For Venida, For Kalief

At 16, Kalief Browder was jailed for allegedly stealing a backpack; at 22 he committed suicide. His late mother Venida's poetry inspires criminal justice reform and a new legacy.

photo of Kalief Browder as a child and photo of mother
Funding Initiative
Diversity Development Fund
Open Call
Close up of filmmaker Sisa Bueno of "For Venida, For Kalief"

Sisa Bueno

Originally from New York City, Sisa Bueno is an Afro-Latina film & multimedia maker who is fascinated by people of all cultures and seeks to awaken our own empowerment. She studied both film production and interactive technologies at the Tisch School of the Arts at New York University (NYU). The NBC Network named Sisa a 2013 Latino Innovator for her Show more upcoming documentary To the Mountains, which takes place in Bolivia, South America. Sisa is a recipient of the ITVS-PBS Diversity Development grant, HotDocs CrossCurrents grant, and BAVC MediaMaker fellowship for her current work in progress, For Venida, For Kalief, Sisa is also currently a 2018-2020 Member of the NEW INC tech incubator program within the New Museum working with Augmented Reality (AR) to create new modes of storytelling with more tech integration. Show less

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The Film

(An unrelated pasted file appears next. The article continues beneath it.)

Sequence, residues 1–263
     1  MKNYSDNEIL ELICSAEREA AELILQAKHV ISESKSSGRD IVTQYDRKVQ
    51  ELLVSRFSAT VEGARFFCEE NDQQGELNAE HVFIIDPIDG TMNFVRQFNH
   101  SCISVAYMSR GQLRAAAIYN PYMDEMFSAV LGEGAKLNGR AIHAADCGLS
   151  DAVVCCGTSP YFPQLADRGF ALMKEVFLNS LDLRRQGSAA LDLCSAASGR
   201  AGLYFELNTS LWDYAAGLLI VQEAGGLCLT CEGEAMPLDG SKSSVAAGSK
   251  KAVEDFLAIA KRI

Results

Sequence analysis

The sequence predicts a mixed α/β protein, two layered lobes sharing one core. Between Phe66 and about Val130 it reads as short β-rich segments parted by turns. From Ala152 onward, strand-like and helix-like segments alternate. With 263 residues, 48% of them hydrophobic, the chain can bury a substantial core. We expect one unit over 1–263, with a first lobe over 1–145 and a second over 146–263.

In 2010, 16-year-old Kalief Browder was sent to New York’s notorious Rikers Island jail, without standing trial, for allegedly stealing a backpack. For three years, he courageously survived pressures to take a plea deal, solitary confinement, and excessive physical and mental violence. He eventually was released without charge, but with tremendous trauma and not enough psychological support to help him process what he’d endured. At the age of 22, Kalief Browder committed suicide. Just a year later, after tirelessly fighting for justice for her son and young men just like him, Kalief’s mother Venida died from a broken heart. She left a personal collection of poems detailing her family’s ordeal—expressing a full spectrum of emotions, shedding light on the injustice, and illuminating a beautiful side of her family and community.

For Venida, For Kalief presents Venida’s words as poetic cinema, showcasing the range of everyday experiences for people of color in New York City; reveling in moments of Black and Brown joy and spirituality, as well as constant police surveillance, struggle, and activism. The film explores the concept of legacy and personhood, lyrically weaving together the deeply personal emotions of Venida’s poems with the community activism that emerged in the aftermath of Kalief’s death. Featuring some of Kalief’s siblings as they take part in the markers of Kalief’s legacy—the naming of streets, the creation of scholarships and foundations, as well as city and statewide legal achievements—the film shows an opportunity for a different kind of justice in New York. By pulling back the curtain on how change is actually made, For Venida, For Kalief conveys the complicated flaws of the system and the forces that created this tragedy while also celebrating the emergence of encouraging policy reforms. Kalief was more than a martyr; Venida was more than a mourning mother. This film is an homage to a family’s legacy of resilience and hope.